While there is much meta going on and on and on and on, even at Rabett Run, Eli came across some interesting science in Science. As previously discussed here, the oxidative capacity of the atmosphere has remained constant, a bit of a shock as with the increasing injection of methane and various dirties (as in Asian brown cloud), somebunny might think that it would have fallen, as indeed the authors of the previously discussed paper did
However, a consistent, predictive understanding of the net response of [OH] on broad scales to such perturbations is lacking. For example, a range of negative [OH] feedbacks is calculated from changes in atmospheric methane abundance (3, 5–7).Which is why a new paper by Su and a list of co authors long enough for CERN, Uli Poeschl being the last but not least, is so interesting. The experiment was simple enough, they put some dirt into a tube and blew air through it, analyzing what came out. they found that nitrite (NO2-) converts to nitrous acid, HNO2, in the soil which desorbs into the atmosphere as HONO (yes atmospheric science folk pronounce it that way).
At this point Eli has to commit some chemistry. The first point, which is NOT taught in General Chemistry, or at least most GChem courses, is that molecules that you can buy are not reactive.
They are stable. In the case of organic or molecules consisting of non-metals, each atom is surrounded by a shared outer shell of eight electrons which makes them think they are noble gases, much as Chris Monckton thinks he is a Nobel prize winner, and they don't want to know different or associate with non-peers.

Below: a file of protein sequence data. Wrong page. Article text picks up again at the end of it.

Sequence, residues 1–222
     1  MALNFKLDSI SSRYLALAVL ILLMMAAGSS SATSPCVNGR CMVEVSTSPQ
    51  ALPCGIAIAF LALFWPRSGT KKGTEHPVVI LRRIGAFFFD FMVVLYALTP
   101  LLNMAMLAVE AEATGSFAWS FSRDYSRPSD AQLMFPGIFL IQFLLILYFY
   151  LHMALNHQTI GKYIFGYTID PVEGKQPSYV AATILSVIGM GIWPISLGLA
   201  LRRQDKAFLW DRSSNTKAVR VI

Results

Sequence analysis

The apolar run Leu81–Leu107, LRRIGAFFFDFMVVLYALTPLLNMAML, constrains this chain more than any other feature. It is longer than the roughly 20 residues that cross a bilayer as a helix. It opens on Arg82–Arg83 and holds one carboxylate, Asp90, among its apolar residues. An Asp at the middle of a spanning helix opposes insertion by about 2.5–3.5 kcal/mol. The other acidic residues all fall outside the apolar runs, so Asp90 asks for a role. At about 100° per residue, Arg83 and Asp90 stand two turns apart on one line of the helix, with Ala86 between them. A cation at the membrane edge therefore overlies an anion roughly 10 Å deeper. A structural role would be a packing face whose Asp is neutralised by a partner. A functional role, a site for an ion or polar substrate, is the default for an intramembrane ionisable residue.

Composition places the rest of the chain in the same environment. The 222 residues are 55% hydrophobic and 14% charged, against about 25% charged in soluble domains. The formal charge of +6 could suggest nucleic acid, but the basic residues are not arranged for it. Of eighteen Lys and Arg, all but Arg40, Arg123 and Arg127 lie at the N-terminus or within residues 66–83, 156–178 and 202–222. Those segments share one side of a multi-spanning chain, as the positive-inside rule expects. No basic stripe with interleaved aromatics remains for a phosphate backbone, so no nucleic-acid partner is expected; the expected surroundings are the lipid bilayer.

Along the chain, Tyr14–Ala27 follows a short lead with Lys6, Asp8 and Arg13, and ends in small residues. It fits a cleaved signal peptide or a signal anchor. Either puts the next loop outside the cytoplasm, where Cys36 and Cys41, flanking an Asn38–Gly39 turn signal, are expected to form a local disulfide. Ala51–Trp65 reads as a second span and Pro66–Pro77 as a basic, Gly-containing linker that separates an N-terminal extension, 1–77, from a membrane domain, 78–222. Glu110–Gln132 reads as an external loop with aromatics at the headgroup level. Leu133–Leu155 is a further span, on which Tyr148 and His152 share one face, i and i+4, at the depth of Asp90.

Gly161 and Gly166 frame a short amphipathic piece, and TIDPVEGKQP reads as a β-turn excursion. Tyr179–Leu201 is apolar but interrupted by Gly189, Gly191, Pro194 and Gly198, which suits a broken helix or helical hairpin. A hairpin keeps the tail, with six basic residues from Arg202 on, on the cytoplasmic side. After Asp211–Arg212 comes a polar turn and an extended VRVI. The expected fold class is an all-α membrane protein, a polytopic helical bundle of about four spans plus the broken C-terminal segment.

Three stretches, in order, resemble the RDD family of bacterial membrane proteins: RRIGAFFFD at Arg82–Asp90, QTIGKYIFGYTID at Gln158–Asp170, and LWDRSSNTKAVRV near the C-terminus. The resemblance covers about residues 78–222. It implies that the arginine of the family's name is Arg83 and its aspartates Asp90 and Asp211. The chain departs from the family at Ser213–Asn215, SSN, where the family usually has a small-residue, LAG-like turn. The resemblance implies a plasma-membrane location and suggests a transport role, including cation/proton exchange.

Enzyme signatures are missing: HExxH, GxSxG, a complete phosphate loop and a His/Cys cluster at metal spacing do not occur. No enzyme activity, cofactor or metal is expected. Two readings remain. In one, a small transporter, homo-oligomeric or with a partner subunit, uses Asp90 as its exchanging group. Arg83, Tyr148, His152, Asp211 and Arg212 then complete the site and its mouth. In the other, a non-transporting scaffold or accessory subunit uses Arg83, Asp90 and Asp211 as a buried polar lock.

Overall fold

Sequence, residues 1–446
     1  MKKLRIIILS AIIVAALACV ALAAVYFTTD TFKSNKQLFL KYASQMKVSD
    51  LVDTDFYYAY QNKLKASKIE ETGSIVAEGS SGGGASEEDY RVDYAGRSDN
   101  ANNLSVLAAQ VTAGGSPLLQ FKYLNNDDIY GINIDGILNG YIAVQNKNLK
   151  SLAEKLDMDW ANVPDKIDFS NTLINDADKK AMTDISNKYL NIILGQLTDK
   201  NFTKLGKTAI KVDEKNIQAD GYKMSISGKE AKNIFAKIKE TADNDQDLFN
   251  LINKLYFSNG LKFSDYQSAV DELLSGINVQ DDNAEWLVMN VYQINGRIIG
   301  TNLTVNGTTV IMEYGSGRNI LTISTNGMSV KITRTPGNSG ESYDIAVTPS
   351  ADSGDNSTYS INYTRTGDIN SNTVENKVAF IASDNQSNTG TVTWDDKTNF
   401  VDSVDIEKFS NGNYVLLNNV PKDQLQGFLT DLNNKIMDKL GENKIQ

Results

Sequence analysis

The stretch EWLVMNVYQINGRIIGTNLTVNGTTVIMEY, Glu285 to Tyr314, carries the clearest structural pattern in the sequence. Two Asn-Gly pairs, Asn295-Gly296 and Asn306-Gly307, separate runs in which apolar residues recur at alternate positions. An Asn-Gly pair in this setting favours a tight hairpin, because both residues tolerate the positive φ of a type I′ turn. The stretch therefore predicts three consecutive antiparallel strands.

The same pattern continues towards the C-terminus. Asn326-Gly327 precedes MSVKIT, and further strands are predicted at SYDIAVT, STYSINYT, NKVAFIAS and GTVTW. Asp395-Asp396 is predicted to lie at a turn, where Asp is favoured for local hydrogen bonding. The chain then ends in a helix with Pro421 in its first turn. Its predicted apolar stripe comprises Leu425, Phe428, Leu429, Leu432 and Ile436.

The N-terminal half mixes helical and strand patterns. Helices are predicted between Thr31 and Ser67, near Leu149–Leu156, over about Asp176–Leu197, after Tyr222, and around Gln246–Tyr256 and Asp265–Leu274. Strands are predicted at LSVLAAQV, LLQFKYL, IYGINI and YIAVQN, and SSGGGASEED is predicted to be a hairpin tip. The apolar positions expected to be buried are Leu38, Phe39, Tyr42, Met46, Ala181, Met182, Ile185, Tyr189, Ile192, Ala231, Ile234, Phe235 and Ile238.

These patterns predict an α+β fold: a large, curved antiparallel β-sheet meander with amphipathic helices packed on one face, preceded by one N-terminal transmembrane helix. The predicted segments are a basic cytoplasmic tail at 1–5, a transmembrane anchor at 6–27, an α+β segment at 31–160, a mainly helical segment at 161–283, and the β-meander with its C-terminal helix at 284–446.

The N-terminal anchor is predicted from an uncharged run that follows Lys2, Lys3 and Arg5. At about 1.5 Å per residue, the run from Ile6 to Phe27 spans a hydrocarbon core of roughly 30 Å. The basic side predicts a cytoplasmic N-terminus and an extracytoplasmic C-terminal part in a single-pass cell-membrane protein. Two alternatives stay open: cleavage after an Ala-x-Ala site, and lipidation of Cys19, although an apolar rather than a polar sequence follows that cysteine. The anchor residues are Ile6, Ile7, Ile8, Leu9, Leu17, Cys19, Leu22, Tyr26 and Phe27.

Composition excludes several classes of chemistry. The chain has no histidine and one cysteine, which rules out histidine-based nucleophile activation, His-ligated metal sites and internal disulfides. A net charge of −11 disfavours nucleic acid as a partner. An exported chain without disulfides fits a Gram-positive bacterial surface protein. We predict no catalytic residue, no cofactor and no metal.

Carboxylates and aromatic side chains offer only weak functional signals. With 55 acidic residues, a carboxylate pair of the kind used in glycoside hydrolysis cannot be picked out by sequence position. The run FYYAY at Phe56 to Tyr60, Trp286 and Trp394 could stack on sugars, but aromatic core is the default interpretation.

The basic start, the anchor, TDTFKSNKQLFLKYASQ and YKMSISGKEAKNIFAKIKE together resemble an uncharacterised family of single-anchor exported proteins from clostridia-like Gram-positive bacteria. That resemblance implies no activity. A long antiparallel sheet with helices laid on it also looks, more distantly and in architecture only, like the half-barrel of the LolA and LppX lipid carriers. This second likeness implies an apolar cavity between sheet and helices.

However there are some molecules with an odd number of electrons in the outer shell (so they can't have eight) called free radicals, and free radicals are very reactive because that odd electron is looking for a partner. In the atmosphere HO is the most important free radical and the one responsible for cleaning out all the hydrocarbons such as methane (chemistry at link).
the question being where the HO comes from.
The generic answer is in water aerosols where nitrogen dioxide has dissolved
H2O(aq) + 2 NO2(aq)= HNO3(aq) + HONO (g)
and the HONO absorbs a photon and falls apart into HO + NO but there is not enough of this process to explain the concentration of HO in the atmosphere, without significant ear waving. Su et al have added the red arrow below the line processes.
This appears to be catalyzed at low pH (acid conditions) and we know that agriculture is increasingly acidifying and fertilizing soils which is degrading water quality and increasing eutrophication. It may also have maintained the oxidative capacity of the atmosphere, leaving us lagomorphs with the choice of dirty air or dirty water